When choosing a 3D LiDAR processing software it's important to ensure that it uses an open and standard data format, that must meet seven key characteristics.
Raw data from LiDAR can be very useful in gathering key data points.
And thanks to processing software like Outsight’s Shift platform they can then be converted into actionable insights so useful applications can make good use of them, in this example precisely detecting and tracking people:
A key advantage of using a LiDAR Processing Software that is agnostic to the sensing LiDAR hardware is the ability to output a unique data format regardless of the input device (and very frequently a combination of sensors from different manufacturers, as required in many projects).
LiDAR proprietary data formats and protocols made sense when this emerging technology first appeared, as it shortened the time to market of new hardware products delivering raw data.
The first LiDAR prototypes were not intended to be used for production purposes. The burden of decoding each specific format was on the early users.
An open data format is one that has a freely available published specification which places no restrictions, monetary or otherwise, upon its use, thus enabling conformant software to read and write the data in that format can be implemented by others.
The system needs to be open, in a way that allows it to function without proprietary intellectual property.
This will lower the risk of using the system, as open proprietary formats can be used without restrictions and can support movement from one technical platform or environment, without compromising legal agreements.
Intellectual property is also typically publicly available, which provides greater security and accessibility to a bigger range of softwares and technical platforms.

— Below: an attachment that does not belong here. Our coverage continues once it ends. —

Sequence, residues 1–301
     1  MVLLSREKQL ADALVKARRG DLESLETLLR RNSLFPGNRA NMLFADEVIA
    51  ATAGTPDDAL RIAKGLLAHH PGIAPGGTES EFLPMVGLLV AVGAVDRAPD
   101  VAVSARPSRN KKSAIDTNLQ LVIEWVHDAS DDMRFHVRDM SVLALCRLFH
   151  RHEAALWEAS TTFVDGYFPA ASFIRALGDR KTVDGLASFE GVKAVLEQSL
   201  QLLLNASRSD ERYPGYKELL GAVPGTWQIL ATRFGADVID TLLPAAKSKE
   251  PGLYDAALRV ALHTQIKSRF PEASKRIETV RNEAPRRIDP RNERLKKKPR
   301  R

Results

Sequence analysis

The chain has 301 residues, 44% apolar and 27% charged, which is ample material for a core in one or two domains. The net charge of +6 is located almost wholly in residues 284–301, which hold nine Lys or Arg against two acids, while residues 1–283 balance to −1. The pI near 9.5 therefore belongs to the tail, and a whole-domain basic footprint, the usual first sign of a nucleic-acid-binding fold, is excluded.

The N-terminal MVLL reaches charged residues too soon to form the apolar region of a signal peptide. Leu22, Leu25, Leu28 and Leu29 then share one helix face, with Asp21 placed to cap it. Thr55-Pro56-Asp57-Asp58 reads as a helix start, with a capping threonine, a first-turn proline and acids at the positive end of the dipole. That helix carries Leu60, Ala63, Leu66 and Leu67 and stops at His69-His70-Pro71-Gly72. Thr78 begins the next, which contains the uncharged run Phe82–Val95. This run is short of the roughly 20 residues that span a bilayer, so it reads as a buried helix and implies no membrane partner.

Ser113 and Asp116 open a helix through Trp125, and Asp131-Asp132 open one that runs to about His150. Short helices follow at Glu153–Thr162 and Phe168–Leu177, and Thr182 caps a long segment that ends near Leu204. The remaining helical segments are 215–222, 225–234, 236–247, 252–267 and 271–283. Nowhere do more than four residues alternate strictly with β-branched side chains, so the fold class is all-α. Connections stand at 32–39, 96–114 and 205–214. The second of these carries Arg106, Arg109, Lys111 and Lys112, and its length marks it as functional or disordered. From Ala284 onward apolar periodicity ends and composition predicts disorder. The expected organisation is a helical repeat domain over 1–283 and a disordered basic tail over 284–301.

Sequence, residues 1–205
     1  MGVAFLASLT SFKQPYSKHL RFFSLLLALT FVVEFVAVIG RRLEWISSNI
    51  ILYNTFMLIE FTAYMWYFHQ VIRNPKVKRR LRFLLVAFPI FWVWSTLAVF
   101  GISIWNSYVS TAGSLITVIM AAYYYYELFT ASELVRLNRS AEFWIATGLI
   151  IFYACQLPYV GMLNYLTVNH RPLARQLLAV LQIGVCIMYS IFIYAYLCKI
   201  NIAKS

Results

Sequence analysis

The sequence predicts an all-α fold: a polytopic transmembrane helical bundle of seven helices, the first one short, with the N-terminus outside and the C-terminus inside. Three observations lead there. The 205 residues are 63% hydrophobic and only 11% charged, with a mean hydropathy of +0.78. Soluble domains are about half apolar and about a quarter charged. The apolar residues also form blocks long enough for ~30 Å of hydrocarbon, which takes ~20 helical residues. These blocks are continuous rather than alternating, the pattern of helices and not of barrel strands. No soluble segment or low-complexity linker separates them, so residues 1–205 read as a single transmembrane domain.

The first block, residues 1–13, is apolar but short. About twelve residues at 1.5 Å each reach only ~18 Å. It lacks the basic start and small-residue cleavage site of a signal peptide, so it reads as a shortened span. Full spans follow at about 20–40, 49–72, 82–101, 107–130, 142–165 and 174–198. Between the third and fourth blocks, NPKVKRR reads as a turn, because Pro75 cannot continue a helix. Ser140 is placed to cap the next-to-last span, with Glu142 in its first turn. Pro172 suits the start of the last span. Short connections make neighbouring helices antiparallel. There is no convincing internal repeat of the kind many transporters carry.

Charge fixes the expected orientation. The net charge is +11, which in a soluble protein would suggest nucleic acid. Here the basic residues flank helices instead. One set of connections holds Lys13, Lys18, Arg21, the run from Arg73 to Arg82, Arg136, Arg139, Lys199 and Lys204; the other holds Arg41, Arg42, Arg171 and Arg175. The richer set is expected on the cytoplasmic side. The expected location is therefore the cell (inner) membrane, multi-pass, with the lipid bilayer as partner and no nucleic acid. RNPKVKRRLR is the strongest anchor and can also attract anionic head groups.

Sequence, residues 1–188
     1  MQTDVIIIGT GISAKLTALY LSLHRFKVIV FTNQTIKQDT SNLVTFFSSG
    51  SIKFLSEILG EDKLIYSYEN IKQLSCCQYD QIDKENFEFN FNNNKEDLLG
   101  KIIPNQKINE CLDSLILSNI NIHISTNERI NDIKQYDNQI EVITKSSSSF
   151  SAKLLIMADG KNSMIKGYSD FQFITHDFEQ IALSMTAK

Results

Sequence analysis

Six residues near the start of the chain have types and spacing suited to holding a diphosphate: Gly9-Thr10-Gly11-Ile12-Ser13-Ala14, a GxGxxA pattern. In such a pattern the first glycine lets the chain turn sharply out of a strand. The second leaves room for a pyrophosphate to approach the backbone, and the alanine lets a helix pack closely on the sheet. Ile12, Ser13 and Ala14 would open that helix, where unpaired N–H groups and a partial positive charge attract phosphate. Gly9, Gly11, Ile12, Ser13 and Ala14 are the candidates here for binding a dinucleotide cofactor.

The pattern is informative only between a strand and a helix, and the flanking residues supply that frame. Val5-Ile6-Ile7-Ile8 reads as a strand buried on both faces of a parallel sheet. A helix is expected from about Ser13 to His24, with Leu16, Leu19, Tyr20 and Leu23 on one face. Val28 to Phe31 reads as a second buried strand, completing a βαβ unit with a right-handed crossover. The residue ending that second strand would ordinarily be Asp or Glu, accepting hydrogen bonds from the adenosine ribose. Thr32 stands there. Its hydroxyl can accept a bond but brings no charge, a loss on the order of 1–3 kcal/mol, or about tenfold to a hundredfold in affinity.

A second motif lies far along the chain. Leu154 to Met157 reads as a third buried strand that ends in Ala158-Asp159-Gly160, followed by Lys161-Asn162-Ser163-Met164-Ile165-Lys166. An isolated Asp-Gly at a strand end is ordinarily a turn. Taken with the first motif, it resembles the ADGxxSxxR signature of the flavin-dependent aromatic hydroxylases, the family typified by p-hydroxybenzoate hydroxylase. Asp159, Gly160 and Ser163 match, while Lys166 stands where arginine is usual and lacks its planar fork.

The processing system also has to be simple to use.
Parsing data on the system must be straightforward and efficient, which is easier to say than to do: more complex formats can be more efficient in some specific use cases, the simplicity is then a trade-off between usability, time to market and performance.
When looking for a LiDAR processing software, one of the key characteristics you should look for is its robustness. For example, data elements should be allowed to be placed in any order inside the message body.
This greatly simplifies decoding drivers, limits bugs and facilitates the following characteristic:
Your processing Lidar software should fit your needs at every stage of your data processing process.
Companies like Outsight releases new versions of the software frequently, that can't always be deployed instantaneously in your whole installed fleet: several versions will likely cohabitate in the same network and system.
When using a LiDAR point-cloud software, the last thing you want is for it to incur wastage in processing time, thus slowing down your processes and even compromising real-time capabilities.
Therefore, it is key to ensure that overhead processing time is minimised and bandwidth is optimised.
Your system should also be able to react to real-time user requests without changing its structure and decoding patterns, so that only relevant data is sent at all times.
For example, in an infrastructure project (where the LiDARs are placed in a fixed position) is not useful for the Ego-Motion information to be streamed on each frame.
An adaptable solution must allow to only stream relevant information for the use case at hand, optimising bandwidth and decoding time.
Your 3D processing software should be usable for any volume of data.
There will be times that you will need to make use of simple and small-sized volume of data, for example when using a single and low-resolution LiDAR.
Other times, you will need to take advantage of mass amounts of 3D information to perform more complex tasks or simply cover large areas, with the retransmitted point-cloud and associated attributes.
Therefore, your system should be flexible and readily available to scale and handle data of any volume without any change in the data format.
Outsight's Shift Perception delivers its output using OSEF [Open SErialisation Format].
It uses TLV-encoding, which is a scheme that is used for optional informational elements and contains code that is associated with time, length, and value.
As seen in the diagram below, at each processed LiDAR Frame - typically at 20 fps - the structure of the OSEF data is a tree that contains the timestamp information and all its attributes, for example Ego-Motion and Tracked Objects' information.
With the Shift Perception software you will be able to make full use of an open and standard data format that is open, simple, robust, backwards-compatible, efficient, adaptable, and flexible.
This ensures that you can take your LiDAR solution into the future, with the confidence that no matter how your needs, data points, and outcomes change over time, the system will be able to support your goals seamlessly.